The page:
P-010. Listeria monocytogenes Strains with Invasion Attenuating Mutations in inlA and Strains from Outbreaks of Human Disease Establish Similar Resultant Populations in Host-and Food Associated Environments

J. L. Corron, J. M. Simpson, S. K. Williams, K. K. Nightingale;
Colorado State Univ., Fort Collins, CO.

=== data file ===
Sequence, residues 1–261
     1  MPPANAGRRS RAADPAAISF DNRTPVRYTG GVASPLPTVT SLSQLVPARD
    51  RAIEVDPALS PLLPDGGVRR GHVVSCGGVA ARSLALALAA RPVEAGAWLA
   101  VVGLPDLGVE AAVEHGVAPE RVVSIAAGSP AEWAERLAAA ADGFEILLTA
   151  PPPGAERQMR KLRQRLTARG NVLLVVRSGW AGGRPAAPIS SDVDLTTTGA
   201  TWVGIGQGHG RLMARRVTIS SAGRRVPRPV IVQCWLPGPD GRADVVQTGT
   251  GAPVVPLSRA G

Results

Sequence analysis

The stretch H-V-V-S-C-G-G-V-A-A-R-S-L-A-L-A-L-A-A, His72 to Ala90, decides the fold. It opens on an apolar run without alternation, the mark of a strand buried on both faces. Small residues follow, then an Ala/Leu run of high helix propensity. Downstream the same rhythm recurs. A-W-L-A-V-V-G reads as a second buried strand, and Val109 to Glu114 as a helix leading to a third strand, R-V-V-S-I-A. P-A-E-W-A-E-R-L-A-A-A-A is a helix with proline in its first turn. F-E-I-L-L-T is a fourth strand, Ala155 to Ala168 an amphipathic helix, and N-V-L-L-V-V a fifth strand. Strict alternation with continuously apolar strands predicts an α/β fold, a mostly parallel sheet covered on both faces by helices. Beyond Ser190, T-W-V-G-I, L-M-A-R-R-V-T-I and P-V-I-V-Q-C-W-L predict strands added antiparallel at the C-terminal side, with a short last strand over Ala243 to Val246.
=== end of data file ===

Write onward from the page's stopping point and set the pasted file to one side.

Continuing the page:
Listeria monocytogenes is a foodborne pathogen that causes the potentially fatal disease listeriosis. L. monocytogenes appears to contain two distinct subpopulations, including (i) epidemic clone strains linked to the majority of human epidemic and sporadic listeriosis cases and (ii) invasion attenuated strains that carry premature stop codons (PMSCs) in inlA, which represent a significant proportion of L. monocytogenes isolated from ready-to-eat foods (> 30%) but have only been linked to 2% of human listeriosis cases. We thus hypothesize that epidemic clone strains are adapted to infect human hosts, while invasion attenuated strains with a PMSC in inlA are better adapted to a food niche. We determined the Caco-2 cell invasiveness of 15 human clinical isolates from listeriosis outbreaks worldwide and identified four isolates with enhanced invasiveness. We also selected four food isolates that demonstrated significantly (P = 0.0004) attenuated invasion due to PMSCs in inlA. We assessed the ability of epidemic clone strains with enhanced invasiveness and invasion attenuated strains from food to survive and proliferate in the host using an intracellular growth assay and in food environments using a low-inoculum cold growth assay. Similar initial populations of epidemic clone and invasion attenuated strains (P > 0.05) were phagocytized by J774 mouse macrophages, yet the epidemic clone strains grew to significantly higher levels (P = 0.002) by 9 hours, but by 12 hours no significant differences existed between the two groups (P > 0.05). Low initial populations of epidemic clone and invasion attenuated strains (2x102 CFU/ml) were inoculated into brain heart infusion broth and maintained at 7oC for 18 d to simulate refrigerated storage and all isolates grew similarly and exceeded a level of 2x109 CFU/ml by day 12. Our findings support the conclusion that strains responsible for the majority of human disease and invasion attenuated strains show similar abilities to proliferate in host and food associated environments, providing a possible explanation for the ability of L. monocytogenes strains with a PMSC in inlA to still cause disease.